Pieter Jansz. Saenredam
At an early age, Pieter Jansz. Saenredam was exposed to the work of famous artists. His father, an engraver, made copies of works by artists such as Hendrick Goltzius and Abraham Bloemaert. After his father’s death in 1607, Saenredam and his mother moved to Haarlem, where he worked for ten years. In 1623 he entered Haarlem’s painters’ guild. Three years later, commissioned to produce illustrations for a history of Haarlem, Saenredam made his first drawing of the interior of the church of Saint Bavo. From then on, he devoted himself almost exclusively to painting church interiors, always using precise perspective. Of his fifty surviving paintings, almost half show the interiors of two churches, Saint Bavo and the Mariakerk in Utrecht.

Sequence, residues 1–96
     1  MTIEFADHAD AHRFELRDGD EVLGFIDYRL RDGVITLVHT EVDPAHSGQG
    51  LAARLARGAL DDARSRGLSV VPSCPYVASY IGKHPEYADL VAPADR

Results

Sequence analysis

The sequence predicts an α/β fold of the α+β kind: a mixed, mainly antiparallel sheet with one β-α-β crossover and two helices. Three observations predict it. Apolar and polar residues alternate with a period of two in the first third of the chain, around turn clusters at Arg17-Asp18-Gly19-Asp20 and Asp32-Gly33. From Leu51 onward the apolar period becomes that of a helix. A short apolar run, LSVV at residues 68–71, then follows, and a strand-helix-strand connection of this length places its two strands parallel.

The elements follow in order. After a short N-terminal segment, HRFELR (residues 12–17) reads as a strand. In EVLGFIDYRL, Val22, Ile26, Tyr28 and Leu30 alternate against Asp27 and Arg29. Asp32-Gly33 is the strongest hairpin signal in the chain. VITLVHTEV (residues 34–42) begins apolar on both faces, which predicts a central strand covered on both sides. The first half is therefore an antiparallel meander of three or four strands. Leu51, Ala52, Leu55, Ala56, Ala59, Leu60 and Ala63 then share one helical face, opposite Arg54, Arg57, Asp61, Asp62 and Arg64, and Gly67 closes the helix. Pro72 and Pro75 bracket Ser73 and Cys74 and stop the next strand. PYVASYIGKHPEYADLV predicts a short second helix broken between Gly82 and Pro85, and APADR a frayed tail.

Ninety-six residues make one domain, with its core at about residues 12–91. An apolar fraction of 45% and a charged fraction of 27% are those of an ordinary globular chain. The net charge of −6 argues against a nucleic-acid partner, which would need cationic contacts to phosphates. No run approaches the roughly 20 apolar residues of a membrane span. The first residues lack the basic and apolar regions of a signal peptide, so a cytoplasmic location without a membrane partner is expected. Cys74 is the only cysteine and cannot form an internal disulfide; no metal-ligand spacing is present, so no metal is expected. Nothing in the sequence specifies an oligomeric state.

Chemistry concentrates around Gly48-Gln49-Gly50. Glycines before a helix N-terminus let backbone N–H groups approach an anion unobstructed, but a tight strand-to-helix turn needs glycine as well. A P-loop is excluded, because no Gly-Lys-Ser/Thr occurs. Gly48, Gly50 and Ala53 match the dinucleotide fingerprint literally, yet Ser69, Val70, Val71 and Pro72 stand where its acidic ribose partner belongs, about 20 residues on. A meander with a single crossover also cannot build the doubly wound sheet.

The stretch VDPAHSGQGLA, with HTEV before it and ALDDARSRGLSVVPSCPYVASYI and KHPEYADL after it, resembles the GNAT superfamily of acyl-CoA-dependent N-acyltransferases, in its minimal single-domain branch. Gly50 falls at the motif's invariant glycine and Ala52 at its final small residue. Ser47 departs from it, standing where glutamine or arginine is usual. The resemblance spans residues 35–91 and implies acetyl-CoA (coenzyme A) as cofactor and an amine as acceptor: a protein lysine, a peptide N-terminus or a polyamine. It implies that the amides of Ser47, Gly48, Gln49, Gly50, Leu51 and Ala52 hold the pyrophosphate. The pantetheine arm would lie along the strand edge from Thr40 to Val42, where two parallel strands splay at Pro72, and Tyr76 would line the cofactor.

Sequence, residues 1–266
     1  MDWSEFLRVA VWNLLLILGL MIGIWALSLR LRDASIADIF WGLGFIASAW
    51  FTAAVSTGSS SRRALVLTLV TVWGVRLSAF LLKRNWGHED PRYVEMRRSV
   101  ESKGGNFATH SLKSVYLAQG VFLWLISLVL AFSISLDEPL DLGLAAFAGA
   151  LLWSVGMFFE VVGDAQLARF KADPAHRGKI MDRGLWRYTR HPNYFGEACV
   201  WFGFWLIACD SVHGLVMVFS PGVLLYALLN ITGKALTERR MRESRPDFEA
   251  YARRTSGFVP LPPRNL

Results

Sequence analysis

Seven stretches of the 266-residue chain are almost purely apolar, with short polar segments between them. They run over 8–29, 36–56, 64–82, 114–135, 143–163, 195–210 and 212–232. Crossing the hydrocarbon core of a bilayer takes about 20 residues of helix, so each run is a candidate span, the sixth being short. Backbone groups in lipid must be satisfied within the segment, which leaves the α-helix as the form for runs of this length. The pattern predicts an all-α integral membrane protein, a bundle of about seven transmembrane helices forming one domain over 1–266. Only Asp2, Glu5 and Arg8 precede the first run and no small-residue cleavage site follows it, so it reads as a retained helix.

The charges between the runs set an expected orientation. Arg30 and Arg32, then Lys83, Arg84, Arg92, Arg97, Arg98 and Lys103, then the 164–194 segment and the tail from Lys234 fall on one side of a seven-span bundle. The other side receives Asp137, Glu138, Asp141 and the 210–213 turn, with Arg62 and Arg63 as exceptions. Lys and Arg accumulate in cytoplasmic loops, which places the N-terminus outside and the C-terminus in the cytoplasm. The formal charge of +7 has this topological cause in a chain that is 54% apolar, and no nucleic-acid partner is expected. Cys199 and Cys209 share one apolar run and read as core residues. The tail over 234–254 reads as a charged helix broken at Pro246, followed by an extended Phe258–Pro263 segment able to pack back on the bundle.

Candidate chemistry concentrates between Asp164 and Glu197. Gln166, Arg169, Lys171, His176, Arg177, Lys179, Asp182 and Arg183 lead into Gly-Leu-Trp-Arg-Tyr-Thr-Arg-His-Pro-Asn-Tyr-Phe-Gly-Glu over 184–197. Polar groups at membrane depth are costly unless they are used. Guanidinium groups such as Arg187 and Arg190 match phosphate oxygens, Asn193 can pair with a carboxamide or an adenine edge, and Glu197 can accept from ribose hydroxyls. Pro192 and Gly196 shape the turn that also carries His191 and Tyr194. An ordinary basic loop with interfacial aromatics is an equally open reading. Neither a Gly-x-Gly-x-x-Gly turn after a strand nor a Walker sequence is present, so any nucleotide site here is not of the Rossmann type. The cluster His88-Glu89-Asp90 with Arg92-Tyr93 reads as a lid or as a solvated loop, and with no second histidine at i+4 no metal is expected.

Saenredam’s sacred spaces are designed for contemplation. Unlike his flamboyant predecessors who evoked the pomp, pageantry, and theatre of churches — usually Roman Catholic — Saenredam painted the whitewashed austerity of the Dutch Reformed church. There are no processions, no clusters of worshippers at shrines. He adopted a very low viewpoint and a palette restricted to the palest of tones, and allowed few people into his bare interiors. He concentrated on depicting light, color, and space. Many Dutch artists continued his tradition, but few equaled his inventive vision.
Movement: Dutch Golden Age
Collection: Centraal Museum - Kimbell Art Museum - Philadelphia Museum of Art - Scottish National Gallery - National Gallery of Art - Museo Nacional Thyssen-Bornemisza, Madrid
Text: Getty’s Open Content Program